In case you’ve been out of the loop, my little island recently went for a paddle and has become even wetter than usual, so for this post I thought I would look at a city that was intentionally built on water. A few years ago I took a quick trip to Venice, so quick, in fact, that I went there and back in one day, but if you think this was made easier by already being in Italy, you’d be as wrong as a post-3pm cappuccino.
I was living in Turin at the time, and if you don’t have a map handy, getting from here to Venice requires you to travel 3/4 of the entire width of the country. Why did I undertake this mad adventure? Ah, the folly of youth. Also, the train ticket was jaw-droppingly cheap compared to similar in England (about 30 euros), although that’s not saying much.
My train departed at an alarm-clock-cursing 5am, but of course the night before I only fell asleep at about 2am. Somehow I was able to a) pull myself out of bed, remember b) which ticket to buy and c) to change at Milan. I ended up in my own compartment with a proper door and everything, but I still couldn’t nod off, except for five minutes before the ticket inspector arrived.
I pulled into Venice station at around midday and stepped out under a bright sky that was both cloudless and denim grey, opposite a building that looked like a scoop of pistachio ice cream. The canal was gently slopping against the banks and there was a small fleet of tour boats patiently waiting at the exit; I clambered aboard the first one I saw and leant over the rail to get my bearings.
The water below was thick and caramel coloured but certainly didn’t smell like it. The occasional whiff of unpleasantness reached my nose and made me grateful for visiting in May when it was warm but not too crowded; I could imagine it being a tad more aromatic in high summer. On the other hand it was only the cold and frank snaps of breeze from the canal that kept me awake; I was so tired I felt like I was walking in water-logged wellingtons and that someone had driven a needle lengthwise through all the bones in my arms and legs.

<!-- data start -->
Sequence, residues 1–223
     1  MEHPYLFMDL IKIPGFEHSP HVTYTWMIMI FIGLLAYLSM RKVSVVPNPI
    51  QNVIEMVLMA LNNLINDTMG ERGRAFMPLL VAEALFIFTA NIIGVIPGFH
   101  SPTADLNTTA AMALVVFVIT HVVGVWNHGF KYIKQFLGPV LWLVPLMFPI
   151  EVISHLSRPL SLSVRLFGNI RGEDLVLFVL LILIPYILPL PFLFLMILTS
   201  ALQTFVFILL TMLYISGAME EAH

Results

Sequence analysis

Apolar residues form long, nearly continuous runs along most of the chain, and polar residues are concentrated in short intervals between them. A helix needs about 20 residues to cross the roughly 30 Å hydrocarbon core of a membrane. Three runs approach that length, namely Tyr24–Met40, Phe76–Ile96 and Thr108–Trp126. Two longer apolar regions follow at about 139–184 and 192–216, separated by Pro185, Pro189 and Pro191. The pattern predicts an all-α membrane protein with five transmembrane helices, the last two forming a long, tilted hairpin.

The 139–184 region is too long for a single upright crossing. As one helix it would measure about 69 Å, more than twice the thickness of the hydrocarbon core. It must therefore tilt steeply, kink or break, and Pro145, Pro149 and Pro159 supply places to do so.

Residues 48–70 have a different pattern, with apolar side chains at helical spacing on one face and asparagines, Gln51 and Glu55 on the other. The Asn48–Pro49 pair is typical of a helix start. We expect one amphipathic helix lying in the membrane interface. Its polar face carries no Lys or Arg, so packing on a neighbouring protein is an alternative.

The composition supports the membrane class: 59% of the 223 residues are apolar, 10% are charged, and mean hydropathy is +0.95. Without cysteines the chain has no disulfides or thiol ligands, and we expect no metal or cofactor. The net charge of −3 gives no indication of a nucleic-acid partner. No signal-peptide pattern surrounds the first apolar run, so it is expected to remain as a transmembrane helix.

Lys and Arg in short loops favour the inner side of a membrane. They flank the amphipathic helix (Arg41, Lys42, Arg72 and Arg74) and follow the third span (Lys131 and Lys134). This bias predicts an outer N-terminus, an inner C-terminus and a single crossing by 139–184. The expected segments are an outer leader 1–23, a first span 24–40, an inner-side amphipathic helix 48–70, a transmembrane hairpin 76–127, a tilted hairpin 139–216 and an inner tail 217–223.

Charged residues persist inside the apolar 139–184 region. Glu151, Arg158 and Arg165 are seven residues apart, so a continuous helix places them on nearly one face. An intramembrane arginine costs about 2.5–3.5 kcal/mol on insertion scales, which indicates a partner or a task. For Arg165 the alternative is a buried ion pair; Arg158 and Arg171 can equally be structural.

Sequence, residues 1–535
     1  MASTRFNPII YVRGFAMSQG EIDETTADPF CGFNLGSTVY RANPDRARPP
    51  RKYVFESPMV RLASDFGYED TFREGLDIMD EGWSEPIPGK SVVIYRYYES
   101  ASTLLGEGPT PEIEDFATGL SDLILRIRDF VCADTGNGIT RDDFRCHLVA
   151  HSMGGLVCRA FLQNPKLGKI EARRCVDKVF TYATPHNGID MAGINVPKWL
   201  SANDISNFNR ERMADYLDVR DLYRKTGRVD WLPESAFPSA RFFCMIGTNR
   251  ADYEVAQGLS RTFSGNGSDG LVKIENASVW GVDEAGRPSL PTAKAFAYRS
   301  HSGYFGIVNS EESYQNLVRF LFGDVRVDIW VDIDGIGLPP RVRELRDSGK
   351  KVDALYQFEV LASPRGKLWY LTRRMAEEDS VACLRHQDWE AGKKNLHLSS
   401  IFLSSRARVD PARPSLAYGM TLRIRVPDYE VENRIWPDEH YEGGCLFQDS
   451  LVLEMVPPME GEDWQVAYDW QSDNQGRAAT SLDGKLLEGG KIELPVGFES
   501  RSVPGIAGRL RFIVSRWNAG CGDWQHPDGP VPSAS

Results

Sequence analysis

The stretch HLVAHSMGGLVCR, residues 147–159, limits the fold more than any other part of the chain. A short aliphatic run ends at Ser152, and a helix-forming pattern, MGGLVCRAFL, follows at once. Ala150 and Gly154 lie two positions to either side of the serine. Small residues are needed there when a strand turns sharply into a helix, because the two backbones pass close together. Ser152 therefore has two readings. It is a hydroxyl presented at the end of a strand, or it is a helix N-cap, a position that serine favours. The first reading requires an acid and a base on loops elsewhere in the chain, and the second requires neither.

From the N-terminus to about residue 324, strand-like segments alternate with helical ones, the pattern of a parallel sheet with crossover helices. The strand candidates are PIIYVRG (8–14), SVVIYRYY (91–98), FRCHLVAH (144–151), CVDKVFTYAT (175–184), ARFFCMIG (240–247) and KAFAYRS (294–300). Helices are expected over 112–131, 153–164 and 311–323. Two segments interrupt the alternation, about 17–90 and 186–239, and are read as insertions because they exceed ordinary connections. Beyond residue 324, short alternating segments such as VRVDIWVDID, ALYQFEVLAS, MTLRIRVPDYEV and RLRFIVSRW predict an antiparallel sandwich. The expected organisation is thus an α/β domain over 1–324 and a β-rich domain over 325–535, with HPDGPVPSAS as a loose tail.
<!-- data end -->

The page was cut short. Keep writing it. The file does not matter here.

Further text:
As the boat nodded its way through the city I forced myself to look at the incredible architecture and drink in my surroundings. The striking Venetian Gothic façades in pink, brown and white reminded me of exquisitely decorated cakes, while the archways looked like silhouettes of yet more ice cream scoops.
It was at this point I noticed the lack of tour guide – it turned out I had got on a taxi boat used by the residents, but fortunately the next place it stopped off was the famous Piazza San Marco.
To stop you fleeing in terror I’ve only used two shots from before I had a digital camera. The rest have been supplied by our friend Wikimedia.
Given that this was a weekday the piazza was rather quiet, so I could fully appreciate the pastry-like structure of the buildings and more subtle details like a family of pigeons bathing in the run-off from a drinks stand. The tower was a wafer-finger topped with a trophy and I would have liked to explore more, but these similes were making me hungry.
A blindfolded monkey spinning in circles has a better sense of direction than I do, so looking for a non-touristy restaurant somewhere was out of the question. Regrettably, I didn’t chance a gondola either, because I didn’t want to go solo. The only thing for it was to head back to the railway station so I at least got home in daylight.
For lunch I tried to buy a sandwich from a vending machine, but the bastard ate my money – possibly to punish me for buying vending machine food in Italy, for God’s sake – but the kind security guard noticed my mini meltdown and refunded my money. This was but a taster of the journey home.
On the way back the train stopped about eight times due to problems on the track. Fortunately, I could share my pain with a South Korean whose English still wore stabilisers and my mother who rang me once an hour for an update. This was comforting as the deep cloak of night sky overtook me – I made it back to Turin just after midnight. Trust me when I say a long haul flight has nothing on a 12 hour round trip on rails, but the view and experience were certainly worth it.